B.J. Rahn is an academic who teaches English literature at Hunter College in New York, but is well known in the crime fiction fraternity as one of the liveliest and most perceptive commentators on the field. Her qualities as a writer are what effortlessly raise The Real World of Sherlock above the daunting army of volumes of Holmesiana. Her subjects here (lovingly expatiated) are the antecedents of the Great Detective, tackling such issues as from where Conan Doyle drew his inspiration for Holmes, and a concomitant examination of the mysteries which exercised the skills of real Victorian detectives. But while the picture of crime in 19th-century London is as fascinatingly detailed one might wish, it is the combination of Doyle’s audacious literary filigrees with real-life detection techniques that really exercise Rahn, and she makes the unorthodox case that the often unlikely elements of the story sometimes possess a real veracity. Any crime fiction reader with an interest in the violin-playing resident of 221b Baker Street needs to acquire this study; be assured: it’s quite unlike any other book about Sherlock Holmes that you have ever read.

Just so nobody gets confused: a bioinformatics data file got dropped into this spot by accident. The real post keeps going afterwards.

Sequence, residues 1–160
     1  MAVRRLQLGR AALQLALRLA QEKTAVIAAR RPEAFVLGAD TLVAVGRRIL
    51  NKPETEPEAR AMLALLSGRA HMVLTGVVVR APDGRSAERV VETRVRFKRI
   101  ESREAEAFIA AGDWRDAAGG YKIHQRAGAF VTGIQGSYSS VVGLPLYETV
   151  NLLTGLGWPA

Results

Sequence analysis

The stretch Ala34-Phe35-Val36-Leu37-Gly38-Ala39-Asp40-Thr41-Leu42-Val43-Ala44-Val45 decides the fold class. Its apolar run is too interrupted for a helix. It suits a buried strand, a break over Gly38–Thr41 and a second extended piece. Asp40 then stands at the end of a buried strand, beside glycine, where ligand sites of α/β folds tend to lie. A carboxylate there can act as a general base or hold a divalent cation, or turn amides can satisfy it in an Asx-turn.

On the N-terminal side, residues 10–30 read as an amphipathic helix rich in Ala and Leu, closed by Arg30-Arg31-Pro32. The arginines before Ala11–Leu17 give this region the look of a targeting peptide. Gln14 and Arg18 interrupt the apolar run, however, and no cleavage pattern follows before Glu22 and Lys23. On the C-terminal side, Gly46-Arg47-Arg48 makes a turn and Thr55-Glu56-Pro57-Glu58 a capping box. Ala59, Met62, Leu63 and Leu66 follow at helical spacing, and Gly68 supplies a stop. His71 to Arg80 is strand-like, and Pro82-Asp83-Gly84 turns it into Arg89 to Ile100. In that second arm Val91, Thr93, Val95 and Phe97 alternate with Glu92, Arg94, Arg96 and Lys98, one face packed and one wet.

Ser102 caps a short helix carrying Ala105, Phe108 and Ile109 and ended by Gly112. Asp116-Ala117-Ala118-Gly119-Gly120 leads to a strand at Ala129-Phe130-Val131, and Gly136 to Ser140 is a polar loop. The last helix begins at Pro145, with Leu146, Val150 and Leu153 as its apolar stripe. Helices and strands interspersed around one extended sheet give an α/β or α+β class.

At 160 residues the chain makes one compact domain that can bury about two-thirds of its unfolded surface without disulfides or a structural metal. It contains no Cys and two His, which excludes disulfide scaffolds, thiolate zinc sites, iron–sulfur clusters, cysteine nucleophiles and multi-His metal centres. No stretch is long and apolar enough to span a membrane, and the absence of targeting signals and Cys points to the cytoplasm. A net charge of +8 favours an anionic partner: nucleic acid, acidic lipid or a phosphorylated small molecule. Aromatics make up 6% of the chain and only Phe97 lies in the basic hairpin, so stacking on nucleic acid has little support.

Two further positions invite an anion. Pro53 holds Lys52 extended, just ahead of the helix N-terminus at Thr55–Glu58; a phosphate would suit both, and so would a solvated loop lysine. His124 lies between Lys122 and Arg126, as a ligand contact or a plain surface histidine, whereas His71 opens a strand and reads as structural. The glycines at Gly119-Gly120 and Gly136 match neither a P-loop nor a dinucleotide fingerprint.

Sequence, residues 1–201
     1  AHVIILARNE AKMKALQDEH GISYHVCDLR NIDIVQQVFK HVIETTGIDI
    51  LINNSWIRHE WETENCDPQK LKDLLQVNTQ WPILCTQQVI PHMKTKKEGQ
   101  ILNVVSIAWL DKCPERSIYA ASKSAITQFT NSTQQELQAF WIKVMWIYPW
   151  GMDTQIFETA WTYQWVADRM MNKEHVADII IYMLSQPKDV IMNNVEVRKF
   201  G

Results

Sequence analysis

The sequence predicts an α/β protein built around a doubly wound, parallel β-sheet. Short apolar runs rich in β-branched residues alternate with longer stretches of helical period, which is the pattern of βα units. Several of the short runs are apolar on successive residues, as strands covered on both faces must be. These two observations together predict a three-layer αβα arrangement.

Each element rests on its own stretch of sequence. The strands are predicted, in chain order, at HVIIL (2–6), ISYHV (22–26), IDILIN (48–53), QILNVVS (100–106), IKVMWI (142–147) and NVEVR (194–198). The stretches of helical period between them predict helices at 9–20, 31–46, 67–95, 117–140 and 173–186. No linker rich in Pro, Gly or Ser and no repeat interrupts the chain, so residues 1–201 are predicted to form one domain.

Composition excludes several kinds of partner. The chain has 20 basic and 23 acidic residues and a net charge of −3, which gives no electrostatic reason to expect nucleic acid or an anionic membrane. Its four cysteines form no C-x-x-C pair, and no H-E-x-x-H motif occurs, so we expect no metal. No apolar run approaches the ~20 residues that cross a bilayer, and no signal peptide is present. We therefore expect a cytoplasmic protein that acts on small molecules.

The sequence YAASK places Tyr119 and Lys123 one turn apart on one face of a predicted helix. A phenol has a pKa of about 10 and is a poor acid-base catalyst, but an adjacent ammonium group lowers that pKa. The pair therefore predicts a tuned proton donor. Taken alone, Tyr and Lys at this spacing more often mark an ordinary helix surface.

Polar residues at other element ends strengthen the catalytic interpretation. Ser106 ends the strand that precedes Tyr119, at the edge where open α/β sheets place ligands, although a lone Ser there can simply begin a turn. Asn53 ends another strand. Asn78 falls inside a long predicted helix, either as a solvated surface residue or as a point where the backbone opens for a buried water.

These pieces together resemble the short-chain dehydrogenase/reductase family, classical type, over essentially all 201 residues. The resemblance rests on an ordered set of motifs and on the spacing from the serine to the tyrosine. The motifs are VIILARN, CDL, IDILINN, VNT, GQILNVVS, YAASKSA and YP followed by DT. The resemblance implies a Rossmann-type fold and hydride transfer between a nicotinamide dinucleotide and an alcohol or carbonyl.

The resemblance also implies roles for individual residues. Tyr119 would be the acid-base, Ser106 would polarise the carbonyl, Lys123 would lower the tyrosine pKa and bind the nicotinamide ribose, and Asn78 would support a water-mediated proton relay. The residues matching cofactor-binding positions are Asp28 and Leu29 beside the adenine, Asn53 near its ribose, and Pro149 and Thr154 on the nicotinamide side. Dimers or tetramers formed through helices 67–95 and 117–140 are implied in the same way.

The Real World of Sherlock by B. J. Rahn is published by Amberley